Effects of Arbuscular mycorrhizal fungi (AMF) inoculation on Maize plants

A group from Guangxi Colleges and Universities Key Laboratory of Crop Cultivation and Tillage, College of Agriculture, Guangxi University, Nanning, Guangxi, China, etc. has reported effects of Arbuscular mycorrhizal fungi (AMF) inoculation on Maize plants.

Five treatments were designed:
maize plants inoculated with Rhizophagus aggreratus were recorded as RA,
those inoculated with Claroideoglomus etunicatum were recorded as CE,
those inoculated with Funneliformis mosseae were recorded as FM,
those inoculated with three species of AMF were recorded as MI, and
those without AMF were recorded as CK.

The total N, P and K levels of the maize plants (g plant-1)were measured and analyzed during the harvest period.
It was clearly shown that the accumulation of N, P and K in MI was the highest, and the accumulation capacity of N, P and K in maize symbiosis with AMF was significantly higher than that in CK as shown below.

Different AMF inoculations had different effects on maize root exudates at different growth stages. In this experiment, 10 kinds of organic acids were isolated from maize root exudates.
From the total level of organic acids secretion in the whole maize growth period, the followings were found,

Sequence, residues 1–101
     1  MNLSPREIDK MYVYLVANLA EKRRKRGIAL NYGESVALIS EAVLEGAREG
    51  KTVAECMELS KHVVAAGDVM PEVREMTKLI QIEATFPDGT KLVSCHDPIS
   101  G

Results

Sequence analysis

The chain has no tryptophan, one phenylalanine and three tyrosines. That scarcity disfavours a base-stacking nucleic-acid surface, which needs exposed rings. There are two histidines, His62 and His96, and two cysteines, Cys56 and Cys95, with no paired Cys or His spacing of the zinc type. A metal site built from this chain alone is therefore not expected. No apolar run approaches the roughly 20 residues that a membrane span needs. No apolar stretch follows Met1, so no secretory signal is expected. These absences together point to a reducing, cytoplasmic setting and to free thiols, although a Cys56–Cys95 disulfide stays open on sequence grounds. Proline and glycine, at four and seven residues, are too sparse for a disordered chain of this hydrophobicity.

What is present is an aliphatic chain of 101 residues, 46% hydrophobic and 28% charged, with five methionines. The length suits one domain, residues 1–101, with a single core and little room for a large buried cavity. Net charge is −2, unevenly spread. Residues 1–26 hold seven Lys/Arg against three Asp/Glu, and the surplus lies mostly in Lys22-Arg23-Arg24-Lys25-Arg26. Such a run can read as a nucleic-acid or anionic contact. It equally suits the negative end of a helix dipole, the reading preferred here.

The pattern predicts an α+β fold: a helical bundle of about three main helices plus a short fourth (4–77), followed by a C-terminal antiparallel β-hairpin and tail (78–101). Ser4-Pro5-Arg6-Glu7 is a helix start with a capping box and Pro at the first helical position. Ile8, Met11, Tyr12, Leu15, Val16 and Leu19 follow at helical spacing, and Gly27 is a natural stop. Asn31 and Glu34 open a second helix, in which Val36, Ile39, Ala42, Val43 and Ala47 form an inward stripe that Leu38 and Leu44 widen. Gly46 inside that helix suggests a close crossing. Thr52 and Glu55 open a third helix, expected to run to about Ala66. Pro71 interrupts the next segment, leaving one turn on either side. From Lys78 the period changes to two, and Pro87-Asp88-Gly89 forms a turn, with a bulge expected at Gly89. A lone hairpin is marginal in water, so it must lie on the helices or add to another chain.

FM promoted the secretion of p-hydroxybenzoic, p-coumaric and caffeic acid,
CE promoted the secretion of syringic acid,
RA promoted the secretion of chlorogenic and succinic acid, and
the levels of protocatechuic, vanillic, citric and ferulic acid were lower than those of CK.

Some studies have shown that p-hydroxybenzoic acid can reduce the number of Fusarium and the occurrence of Fusarium wilt, vanillic acid can inhibit soil-borne pathogens and reduce soil-borne diseases, vanillic acid can inhibit the growth of Fusarium wilt, caffeic acid plays an important role in inhibiting soil-borne pathogens, caffeic acid can directly inhibit the growth of Ralstonia solanacearum, and ferulic acid has strong allelopathy and can inhibit the growth of plant roots.

So, AMF may alleviate soil-borne diseases by increasing the levels of p-hydroxybenzoic, vanillic and caffeic acid in plant root exudates. The role of these organic acids in maize growth and their impact on maize growth after AMF symbiosis must be further studied.